Problem reloading 45 LCs

The #1 community for Gun Owners in Texas

Member Benefits:

  • Fewer Ads!
  • Discuss all aspects of firearm ownership
  • Discuss anti-gun legislation
  • Buy, sell, and trade in the classified section
  • Chat with Local gun shops, ranges, trainers & other businesses
  • Discover free outdoor shooting areas
  • View up to date on firearm-related events
  • Share photos & video with other members
  • ...and so much more!
  • kantor99

    Active Member
    Rating - 100%
    12   0   0
    Sep 4, 2012
    263
    11
    United States
    I've run into a problem reloading my 45 LCs for my Ruger Vaquero. The problem is that when I put them into the gun, the cylinder spins free but after shooting one, the cylinder is really hard to turn or won't turn. I tried ensuring the new primers were seated flush or below flush but that didn't seem to help. There's plenty of room between the bullet and the end of the cylinder. Any suggestions? Thanks
     
    Rating - 100%
    8   0   0
    May 22, 2010
    19,960
    96
    San Antonio
    You say "There's plenty of room between the bullet and the end of the cylinder.", is this before or after you fire the first shoot?

    Can you give details on the ammunition, factory or hand loads. If hand loads what bullet weight and powder charge? Tight crimp?
     

    kantor99

    Active Member
    Rating - 100%
    12   0   0
    Sep 4, 2012
    263
    11
    United States
    I'm hand loading 230 gr cast bullets wwith 5.9 gr Trail Boss. After shooting, there still plenty of room between the bullet and the end of the cylinder. Looking carefully, it may be that the primers are backing out slightly after firing. Maybe the load is too light to reseat them?
     

    Texan-in-Training

    Well-Known
    Rating - 0%
    0   0   0
    Jul 8, 2012
    1,725
    96
    Rockdale, Texas
    My load is 4.5 grains of Trail Boss behind 250 grain cast bullets, so it's not an exact comparison... has your brass been reloaded enough that the primer pockets could be worn out?
     

    benenglish

    Just Another Boomer
    Staff member
    Lifetime Member
    Admin
    Rating - 100%
    4   0   0
    Nov 22, 2011
    19,668
    96
    Spring
    Extremely light loads can result in primer setback. Exhibition and wax-bullet shooters routinely drill out their flash holes. In fact, there are commercial sellers of prepped .45LC brass with such modifications. I think your theory about primers not re-seating is a good one.
     

    Texasjack

    TGT Addict
    Rating - 100%
    1   0   0
    Jan 3, 2010
    5,141
    96
    Occupied Texas
    Hodgdon shows the range for Trail Boss for a 230 gr bullet to be 5.5 g to 6.5 g, so your load of 5.9 is pretty much mid-range and shouldn't be the problem.
     
    Rating - 100%
    8   0   0
    May 22, 2010
    19,960
    96
    San Antonio
    I'm hand loading 230 gr cast bullets wwith 5.9 gr Trail Boss. After shooting, there still plenty of room between the bullet and the end of the cylinder. Looking carefully, it may be that the primers are backing out slightly after firing. Maybe the load is too light to reseat them?

    I've shot very light loads in 45 Colt (for Ruger Vaquero) with no problem with the primers not reseating. I'm just guessing because you didn't state the style of bullet you're using but it sounds as if you're using a Round Nose designed for an auto pistol based on the 230 grain weight. If this is the case it may be that there is no crimp grove causing your crimp to be too light and allowing the bullets to move forward in the cases and jamming the cylinder after the first shot is fired. If the primers are not reseating you should be able to tell just by looking or by feeling the primer of the spent case.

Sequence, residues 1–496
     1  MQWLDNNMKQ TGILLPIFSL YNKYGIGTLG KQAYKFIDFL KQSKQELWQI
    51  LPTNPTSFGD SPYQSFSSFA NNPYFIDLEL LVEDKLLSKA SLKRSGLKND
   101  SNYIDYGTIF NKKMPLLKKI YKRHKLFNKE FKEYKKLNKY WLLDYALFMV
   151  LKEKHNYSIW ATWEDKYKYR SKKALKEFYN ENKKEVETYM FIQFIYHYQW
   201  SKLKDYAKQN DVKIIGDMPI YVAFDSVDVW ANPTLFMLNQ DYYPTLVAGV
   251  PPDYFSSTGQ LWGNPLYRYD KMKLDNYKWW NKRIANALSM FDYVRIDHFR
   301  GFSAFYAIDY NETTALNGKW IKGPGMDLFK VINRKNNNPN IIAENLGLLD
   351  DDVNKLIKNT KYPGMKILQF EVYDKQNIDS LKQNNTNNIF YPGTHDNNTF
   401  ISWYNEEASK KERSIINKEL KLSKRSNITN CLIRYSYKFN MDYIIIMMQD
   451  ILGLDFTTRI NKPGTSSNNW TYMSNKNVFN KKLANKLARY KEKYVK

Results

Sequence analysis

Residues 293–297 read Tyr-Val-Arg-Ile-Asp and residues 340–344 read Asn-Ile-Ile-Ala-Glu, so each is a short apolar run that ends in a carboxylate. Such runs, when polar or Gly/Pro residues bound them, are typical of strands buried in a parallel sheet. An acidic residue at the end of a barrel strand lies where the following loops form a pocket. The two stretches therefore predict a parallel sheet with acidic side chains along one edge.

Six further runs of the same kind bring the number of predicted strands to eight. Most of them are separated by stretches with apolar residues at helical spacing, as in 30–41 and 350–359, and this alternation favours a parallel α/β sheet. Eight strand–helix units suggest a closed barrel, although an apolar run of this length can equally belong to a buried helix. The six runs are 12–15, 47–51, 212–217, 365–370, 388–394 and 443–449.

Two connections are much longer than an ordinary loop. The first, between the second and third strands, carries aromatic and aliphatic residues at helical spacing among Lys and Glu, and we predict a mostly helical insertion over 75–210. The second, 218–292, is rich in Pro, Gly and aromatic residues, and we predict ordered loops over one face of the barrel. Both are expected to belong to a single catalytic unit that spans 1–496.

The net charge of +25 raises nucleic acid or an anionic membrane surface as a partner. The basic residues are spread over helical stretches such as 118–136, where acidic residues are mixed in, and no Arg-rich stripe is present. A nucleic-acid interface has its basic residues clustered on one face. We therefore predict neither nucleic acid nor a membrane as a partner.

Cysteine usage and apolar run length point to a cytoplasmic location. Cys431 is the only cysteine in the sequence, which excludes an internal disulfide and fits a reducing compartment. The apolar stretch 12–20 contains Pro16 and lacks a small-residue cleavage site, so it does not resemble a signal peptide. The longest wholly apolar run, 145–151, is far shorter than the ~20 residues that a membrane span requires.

kantor99

    Active Member
    Rating - 100%
    12   0   0
    Sep 4, 2012
    263
    11
    United States
    I think I'll buy some commercial ammo and see if the same problem develops. If yes, then it's the gun, if not, then it's something I'm doing with the reloads
     

    ROGER4314

    Been Called "Flash" Since I Was A Kid!
    Rating - 100%
    1   0   0
    Jul 11, 2009
    10,444
    66
    East Houston
    I concur with the light loads in a revolver concept. It's a well known issue with revolver handloads. You need the recoil of the round to set the cartridge case back solidly behind the cylinder. Without that setback, the primer comes out and binds up the gun.

    Flash
     

    Guntoter

    New Member
    Rating - 0%
    0   0   0
    Mar 11, 2014
    10
    1
    BFE S. Texas
    This should be fairly easy to isolate. Take the gun to the range, load with problem ammo, fire one shot. Cylinder bound up? Open the loading gate and remove the fired round only. Check for binding. If it's not there then you have a problem with the ammo on the primer and/or pocket side. If still binding, look to bullets having moved forward under recoil.
    Running at least a box or two of Tier 1 (Win., Fed., Hornady,) factory ammo through a new gun is always a good idea. Gives a good baseline for comparison and should the gun come apart you have some recourse through either the gun or ammo manufacturer. Most gunmakers have a clear disclaimer about using reloads in their weapons.
    Any chance you're using Remington brass and/or primers? If so that is probably your culprit. Stuff is soft, thin, varies in tolerances even in the same batch. Find some Federal, Starline, or Winchester brass. Use Federal or CCI primers if possible.
    I've loaded some fairly hot rounds using Federal brass and primers and 2400, Win. 296, etc. and never had a case fail in a NM Blackhawk or Winchester Trapper.
    Good Luck!
     
    Top Bottom